Months ago we showcased several posts on InnoCentive – a leading example of open innovation driven by an “open business model” was revolutionizing the world of chemistry. For those of you new to InnoCentive, it’s an online community of 120,000+ global researchers working with major companies like P&G to compete to produce research to advance product development and even find cures for diseases.
From yesterday’s Boston Globe:
InnoCentive Inc., a Web-based community that seeks to match a global network of problem solvers with research-and-development challenges, announced today a “major expansion beyond their traditional domains.”
The Andover company sees its traditional domains as life sciences and chemistry; now it says it wants to broaden its scope to include business and entrepreneurship, engineering and design, physical sciences, and mathematics and computer sciences.
InnoCentive’s business model is to help corporate and nonprofit clients solve R&D problems by posting descriptions of them on a website visited by thousands of researchers, scientists, engineers, and mathematicians from around the world; those who solve a problem can qualify for a financial reward.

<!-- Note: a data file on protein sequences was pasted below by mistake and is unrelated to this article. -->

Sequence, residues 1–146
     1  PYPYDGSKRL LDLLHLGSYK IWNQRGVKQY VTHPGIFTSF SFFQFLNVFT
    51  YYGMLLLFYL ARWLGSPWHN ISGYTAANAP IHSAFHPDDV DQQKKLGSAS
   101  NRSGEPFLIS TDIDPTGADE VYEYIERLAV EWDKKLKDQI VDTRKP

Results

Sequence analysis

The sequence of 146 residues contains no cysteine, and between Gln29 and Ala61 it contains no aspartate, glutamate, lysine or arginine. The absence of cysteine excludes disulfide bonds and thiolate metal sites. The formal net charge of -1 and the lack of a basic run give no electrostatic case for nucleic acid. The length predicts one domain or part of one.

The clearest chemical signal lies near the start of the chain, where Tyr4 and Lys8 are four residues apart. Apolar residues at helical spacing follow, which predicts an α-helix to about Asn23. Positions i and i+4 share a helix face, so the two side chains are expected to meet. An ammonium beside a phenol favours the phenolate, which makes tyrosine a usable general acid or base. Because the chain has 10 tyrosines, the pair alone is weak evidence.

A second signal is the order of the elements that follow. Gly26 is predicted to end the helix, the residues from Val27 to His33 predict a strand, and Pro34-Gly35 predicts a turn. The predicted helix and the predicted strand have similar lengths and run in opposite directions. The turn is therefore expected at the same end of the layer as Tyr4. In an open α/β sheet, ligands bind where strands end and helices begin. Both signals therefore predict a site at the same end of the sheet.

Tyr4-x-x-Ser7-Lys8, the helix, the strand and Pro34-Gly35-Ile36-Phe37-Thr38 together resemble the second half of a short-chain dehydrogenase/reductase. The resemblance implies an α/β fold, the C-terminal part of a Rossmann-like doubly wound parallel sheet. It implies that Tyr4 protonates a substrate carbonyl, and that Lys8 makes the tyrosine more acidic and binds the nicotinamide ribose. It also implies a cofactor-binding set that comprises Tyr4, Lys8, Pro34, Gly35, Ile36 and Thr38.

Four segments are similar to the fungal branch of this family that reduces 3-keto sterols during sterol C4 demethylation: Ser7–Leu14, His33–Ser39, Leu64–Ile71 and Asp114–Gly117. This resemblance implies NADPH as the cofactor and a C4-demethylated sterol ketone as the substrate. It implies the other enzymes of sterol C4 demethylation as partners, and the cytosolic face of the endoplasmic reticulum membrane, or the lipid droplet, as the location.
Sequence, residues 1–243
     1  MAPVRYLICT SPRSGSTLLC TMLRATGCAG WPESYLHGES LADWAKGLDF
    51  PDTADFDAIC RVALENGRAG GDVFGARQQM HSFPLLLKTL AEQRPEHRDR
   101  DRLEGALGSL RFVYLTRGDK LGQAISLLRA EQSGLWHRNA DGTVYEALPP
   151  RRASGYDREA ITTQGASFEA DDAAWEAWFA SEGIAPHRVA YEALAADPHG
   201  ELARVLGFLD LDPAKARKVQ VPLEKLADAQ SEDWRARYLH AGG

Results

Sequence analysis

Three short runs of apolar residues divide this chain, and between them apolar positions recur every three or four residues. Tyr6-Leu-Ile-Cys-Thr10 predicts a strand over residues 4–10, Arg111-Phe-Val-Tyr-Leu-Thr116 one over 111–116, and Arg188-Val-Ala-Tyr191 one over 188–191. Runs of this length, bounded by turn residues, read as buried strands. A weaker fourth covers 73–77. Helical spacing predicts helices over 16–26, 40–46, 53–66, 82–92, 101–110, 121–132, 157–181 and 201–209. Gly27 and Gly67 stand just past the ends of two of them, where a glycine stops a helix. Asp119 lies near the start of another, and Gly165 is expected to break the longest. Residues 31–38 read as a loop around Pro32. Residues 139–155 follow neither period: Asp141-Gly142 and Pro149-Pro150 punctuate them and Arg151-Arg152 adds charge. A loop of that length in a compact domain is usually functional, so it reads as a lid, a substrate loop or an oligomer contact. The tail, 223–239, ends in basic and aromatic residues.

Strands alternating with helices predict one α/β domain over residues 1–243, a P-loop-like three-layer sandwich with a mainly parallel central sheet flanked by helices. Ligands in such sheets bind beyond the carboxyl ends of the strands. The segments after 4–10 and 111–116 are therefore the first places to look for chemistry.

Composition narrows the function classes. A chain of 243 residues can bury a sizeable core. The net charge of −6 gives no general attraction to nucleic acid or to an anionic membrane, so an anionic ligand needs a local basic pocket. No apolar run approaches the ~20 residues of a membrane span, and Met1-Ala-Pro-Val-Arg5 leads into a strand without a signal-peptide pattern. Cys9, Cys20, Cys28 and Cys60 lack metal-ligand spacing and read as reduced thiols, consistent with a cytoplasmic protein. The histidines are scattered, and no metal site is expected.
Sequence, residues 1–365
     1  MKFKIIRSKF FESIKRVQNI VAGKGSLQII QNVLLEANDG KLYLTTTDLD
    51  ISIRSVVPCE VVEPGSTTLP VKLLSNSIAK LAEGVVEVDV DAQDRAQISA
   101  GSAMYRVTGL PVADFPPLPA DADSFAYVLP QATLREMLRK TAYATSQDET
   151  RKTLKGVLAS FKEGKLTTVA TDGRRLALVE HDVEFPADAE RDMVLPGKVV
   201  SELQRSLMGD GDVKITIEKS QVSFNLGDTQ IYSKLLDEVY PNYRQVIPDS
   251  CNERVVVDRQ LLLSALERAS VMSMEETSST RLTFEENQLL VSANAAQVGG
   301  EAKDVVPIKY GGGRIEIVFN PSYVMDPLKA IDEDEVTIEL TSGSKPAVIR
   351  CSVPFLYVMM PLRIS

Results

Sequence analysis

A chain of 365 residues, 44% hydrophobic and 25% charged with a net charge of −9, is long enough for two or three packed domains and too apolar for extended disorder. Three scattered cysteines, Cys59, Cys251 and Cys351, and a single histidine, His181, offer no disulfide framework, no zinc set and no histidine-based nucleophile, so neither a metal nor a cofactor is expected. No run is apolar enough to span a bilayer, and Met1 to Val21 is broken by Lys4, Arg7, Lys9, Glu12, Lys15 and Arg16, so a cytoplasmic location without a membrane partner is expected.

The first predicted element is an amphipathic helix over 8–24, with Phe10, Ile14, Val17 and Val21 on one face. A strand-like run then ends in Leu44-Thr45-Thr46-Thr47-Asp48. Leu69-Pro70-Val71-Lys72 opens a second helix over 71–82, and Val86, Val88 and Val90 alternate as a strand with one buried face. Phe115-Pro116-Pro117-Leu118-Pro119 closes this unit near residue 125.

Now InnoCentive’s intermediary market model is expanding dramatically into new markets and association executives better take note. Because you may be seeing a market play in your space that could crowd you out from your own members. Remember, we live in a hyper-participation economy where people can join communities and devote their time, expertise and money elsewhere more easily than ever.
Here’s what’s possibly at stake.
Say your members are engineers. Chances are you have the peer-review publishing part of your members’ professional value chain locked up long ago. But what about the part of the value chain prior to publishing papers? Do you offer any services where an engineer can actually practice their profession?
That’s what makes InnoCentive’s intermediary market model so fascinating and potentially scary. Given the recent discussion about for-profit and non-profit business models among association executives, instead of changing the whole association business model why not create a separate for-profit service business? Using an “open business model” you could create entirely new ways for your members to pursue their profession but within your own branded experience rather than a new player like an InnoCentive.
But for now, engineering, designers, computer and physical science folks are now fair game.
For more on InnoCentive and open business models:
- Expanding the member value chain with new “practice” services
- Primer on InnoCentive
- Video interview of InnoCentive’s leaders
- Another open business model player – NineSigma
- Yet another from an Australian trade association – InnovationXchange
- HBR: “If you want to innovate your need an end to end approach to delivering value”